The state Senate began considering a bill yesterday that would eliminate the bail bond system in California. Supporters of the California Money Bail Reform Act (SB 10) say that the bail system is systematically unfair to poor defendants, and is solely based on an ability to pay rather than reasonable determination of flight risk.
The Los Angeles Times reports that changes to the rules governing pretrial release have been considered, and rejected, in the Legislature for decades. The status quo has prevailed each time, but now the subject is up for debate again. Advocates for reform have some influential people on their side – Governor Jerry Brown and state Supreme Court Chief Justice Tami Cantil-Sakauye. Both call for reform as the existing rules are “unsafe and unfair.”
Senate Bill 10
The proposal on the table would require counties “to establish a new system to evaluate the release of defendants and would limit the amount of money posted for bail to the ‘least restrictive level’ need to ensure the person shows up to court.” This would give prosecutors the power to ask the judge to consider the flight risk of a defendant and make the safety of the community a priority.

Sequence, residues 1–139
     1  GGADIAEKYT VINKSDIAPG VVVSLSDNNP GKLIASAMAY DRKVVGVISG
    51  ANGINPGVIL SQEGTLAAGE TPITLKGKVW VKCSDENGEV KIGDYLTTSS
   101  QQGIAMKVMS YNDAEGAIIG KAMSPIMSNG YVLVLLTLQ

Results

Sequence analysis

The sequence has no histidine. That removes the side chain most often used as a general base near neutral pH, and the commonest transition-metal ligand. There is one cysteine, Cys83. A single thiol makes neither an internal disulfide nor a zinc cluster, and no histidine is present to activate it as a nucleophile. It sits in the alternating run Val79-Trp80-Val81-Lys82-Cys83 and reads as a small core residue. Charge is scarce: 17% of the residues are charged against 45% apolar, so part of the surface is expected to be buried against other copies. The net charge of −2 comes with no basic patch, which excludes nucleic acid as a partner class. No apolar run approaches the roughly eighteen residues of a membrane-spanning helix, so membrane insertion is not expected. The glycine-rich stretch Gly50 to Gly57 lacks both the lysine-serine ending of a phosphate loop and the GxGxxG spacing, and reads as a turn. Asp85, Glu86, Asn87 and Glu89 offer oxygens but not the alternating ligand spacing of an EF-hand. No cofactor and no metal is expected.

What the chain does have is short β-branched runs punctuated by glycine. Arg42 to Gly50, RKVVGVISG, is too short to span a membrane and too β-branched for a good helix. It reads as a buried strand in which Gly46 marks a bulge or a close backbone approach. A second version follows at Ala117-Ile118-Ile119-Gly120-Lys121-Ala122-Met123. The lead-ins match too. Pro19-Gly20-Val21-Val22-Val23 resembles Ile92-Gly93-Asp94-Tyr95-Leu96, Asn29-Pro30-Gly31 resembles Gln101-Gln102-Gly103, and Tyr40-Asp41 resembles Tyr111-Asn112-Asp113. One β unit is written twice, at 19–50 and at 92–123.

While the focus has been on the want to make pretrial release fair for defendants who lack the bail money, it also will tackle the high cost of cash bail to local governments. A senator says the current system is costing governments between $116 a day in Los Angeles county because they can’t afford to leave.
What are the opponents saying?
Those against bail reform are saying that the bill would trample on constitutional rights and would set efforts back decades. It would also increase crime and cost the public millions of dollars. Opponents are not denying that California’s money bail system is broken, but do not see this bill as the way to move forward. Some positive changes SB10 calls for, according to opponents, include “improved data collection, expedited appeals, and a prohibition on charging defendants fees for court-ordered supervision.”